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Monsanto quietly readies gene-modified wheat

(Friday, July 25, 2003 -- CropChoice news) -- Carey Gillam, Reuters, 07/22/03: DURBIN, North Dakota, July 22 (Reuters) - From the dusty country road, the secluded wheat field in this rural hamlet appears to be like any other, with slender stalks and ripening heads rustling in the breeze.

But the grain growing here belongs to Monsanto Co. MON.N and is key to the company's plan to bring the world its first genetically modified wheat.

It is also highly controversial. Monsanto's work in this field in southeast North Dakota, and in dozens of other fields around the U.S., comes at a time of global turmoil over whether genetically modified crops should be grown and consumed.

While soybeans and a few other crops have been genetically modified for years, wheat would be the first true food grain to go from test tube to harvest.

And as Monsanto pushes the debate to a new level of urgency by perfecting the biotech wheat, it keeps the precise locations of its wheat fields a closely guarded secret. The company last week began allowing limited visitors to the fields, but still fears a backlash from biotech opponents.

"If that information gets into the wrong hands, it isn't positive," said Monsanto wheat industry affairs leader Michael Doane.

The company's work is in the final stages now. It has already mastered the transfer of DNA from a laboratory-grown bacterium into wheat DNA, so farmers can spray weed killer across entire fields without harming their crop.

Monsanto's current focus is convincing regulators that biotech wheat is safe to grow and eat, while persuading farmers to plant it, and food companies to use it in the bread, cereals, crackers and other products.

Monsanto executives see a future filled with genetic modifications to crops. Scientists have it in their power to alter such things as protein levels, starch levels and carbohydrate counts. And crops that are more tolerant of drought and disease are also being designed.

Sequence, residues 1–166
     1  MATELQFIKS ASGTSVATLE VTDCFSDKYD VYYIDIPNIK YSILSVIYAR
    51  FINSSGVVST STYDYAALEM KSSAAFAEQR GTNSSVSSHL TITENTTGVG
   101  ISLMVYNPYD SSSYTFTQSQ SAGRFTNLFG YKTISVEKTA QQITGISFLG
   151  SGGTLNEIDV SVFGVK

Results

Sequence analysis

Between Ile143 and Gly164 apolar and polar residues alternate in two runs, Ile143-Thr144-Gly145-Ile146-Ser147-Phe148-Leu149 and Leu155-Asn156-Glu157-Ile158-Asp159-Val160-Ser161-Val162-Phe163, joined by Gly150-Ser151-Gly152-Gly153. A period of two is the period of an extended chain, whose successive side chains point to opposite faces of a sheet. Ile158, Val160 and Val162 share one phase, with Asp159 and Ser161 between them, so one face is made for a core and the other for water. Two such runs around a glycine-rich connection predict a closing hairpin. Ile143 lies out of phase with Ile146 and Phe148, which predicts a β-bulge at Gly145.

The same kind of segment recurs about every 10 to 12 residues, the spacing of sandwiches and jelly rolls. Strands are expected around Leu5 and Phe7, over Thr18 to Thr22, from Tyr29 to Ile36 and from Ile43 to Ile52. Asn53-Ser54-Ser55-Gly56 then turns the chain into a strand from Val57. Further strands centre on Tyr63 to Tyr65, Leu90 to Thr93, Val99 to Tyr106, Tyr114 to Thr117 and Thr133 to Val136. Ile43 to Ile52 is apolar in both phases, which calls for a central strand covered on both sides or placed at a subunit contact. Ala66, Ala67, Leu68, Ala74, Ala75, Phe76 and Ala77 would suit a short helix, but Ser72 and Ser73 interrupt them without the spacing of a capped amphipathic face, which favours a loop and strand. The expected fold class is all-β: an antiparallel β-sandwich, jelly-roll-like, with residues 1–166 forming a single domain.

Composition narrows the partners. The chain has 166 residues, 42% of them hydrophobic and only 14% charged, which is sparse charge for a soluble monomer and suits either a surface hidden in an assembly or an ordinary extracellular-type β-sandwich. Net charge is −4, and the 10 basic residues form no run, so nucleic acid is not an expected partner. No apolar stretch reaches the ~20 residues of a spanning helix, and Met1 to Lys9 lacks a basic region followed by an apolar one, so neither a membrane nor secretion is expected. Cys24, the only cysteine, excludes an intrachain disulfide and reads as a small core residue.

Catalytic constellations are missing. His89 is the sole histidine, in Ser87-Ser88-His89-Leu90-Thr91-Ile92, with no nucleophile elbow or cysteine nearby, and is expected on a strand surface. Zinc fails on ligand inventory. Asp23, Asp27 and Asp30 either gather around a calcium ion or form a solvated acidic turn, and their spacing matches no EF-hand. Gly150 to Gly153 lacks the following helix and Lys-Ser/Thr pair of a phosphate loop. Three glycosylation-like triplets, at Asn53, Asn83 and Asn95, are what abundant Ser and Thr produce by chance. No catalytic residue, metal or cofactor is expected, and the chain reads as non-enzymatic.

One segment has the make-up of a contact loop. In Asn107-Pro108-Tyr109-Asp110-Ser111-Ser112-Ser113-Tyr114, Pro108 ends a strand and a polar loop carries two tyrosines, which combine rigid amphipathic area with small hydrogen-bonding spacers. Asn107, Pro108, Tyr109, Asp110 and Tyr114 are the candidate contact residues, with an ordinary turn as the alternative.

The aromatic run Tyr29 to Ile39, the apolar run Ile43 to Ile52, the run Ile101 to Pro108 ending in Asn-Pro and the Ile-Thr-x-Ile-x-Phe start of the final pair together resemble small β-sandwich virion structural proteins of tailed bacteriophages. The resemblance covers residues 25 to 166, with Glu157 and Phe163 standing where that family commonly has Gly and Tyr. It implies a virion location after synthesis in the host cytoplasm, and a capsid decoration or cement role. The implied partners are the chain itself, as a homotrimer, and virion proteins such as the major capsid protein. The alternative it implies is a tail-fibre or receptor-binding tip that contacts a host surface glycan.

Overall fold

"All of those things could be within our reach in the next decade or so," said Doane. "We now stand at a very interesting threshold. The potential is just enormous."


But while Monsanto champions biotech crops, many farmers worry that foreign countries will shun the U.S. wheat supply if some of it is scientifically altered. Experts say the loss in export business could be staggering.

Also, critics say biotech foods could hold unknown dangers for people and the environment, and they worry that turning crops into patented technologies could translate to eventual corporate control of the world's food supply.

The Bush administration's current effort to sway the European Union to accept biotech foods has thrust the issue onto the world trade front, and angered biotech opponents.

"I think biotechnology represents the worst aspects of science, not the best," said Friends of the Earth spokesman Larry Bohlen. "It is a science driven by profit rather than ethical concerns. The companies are promoting their own interests, not those of the hungry."

Protests have been mounted in North America as well as in Europe. Critics hope the uproar will derail Monsanto regulatory applications in the United States and Canada. Indeed, earlier this month, Monsanto hit a snag when the U.S. Department of Agriculture said it wanted more data to consider.

Undeterred, Monsanto executives plan meetings with farmers and U.S. millers and bakers as well as consumer marketers such as McDonald's Corp. to win them over to the new wheat.

"We recognize there are people with concerns about the wheat," said Doane, adding that it will be "a few years" before the wheat is released. "But we think a number of products that are in the pipeline will share more benefits."


Recognizing there are those who do not want biotech wheat, Monsanto is designing a "zoned" approach for grain handling to keep conventional and bioengineered strains separate. The company is also developing a test to detect mixing of biotech wheat with non-biotech grain.

And, Monsanto is allowing food industry leaders and media to access some of its biotech wheat test plots to show how little they have to fear from what the company says is only a slight modification of the workings of a wheat plant.

During a recent tour, flags marked off the boundaries of two acres of the biotech wheat, which was nearly indistinguishable from conventional wheat.

The field, one of 35 Monsanto biotech wheat sites around the country, had wide buffers around it to avoid any mixing with neighboring crops as Monsanto conducts various studies.

The exact locations remain undisclosed because of fears that activists might cause problems. Last month in Canada, activists stormed a wheat test site in Manitoba, and some biotech fields have been destroyed by opposition groups.

"There is such a struggle," said North Dakota Wheat Commission spokesman Jim Peterson, whose organization has been caught up in the debate.

"If it was up to us and it came down to a vote today whether to commercialize it or not," Peterson said, "the vote would probably be 'No.'"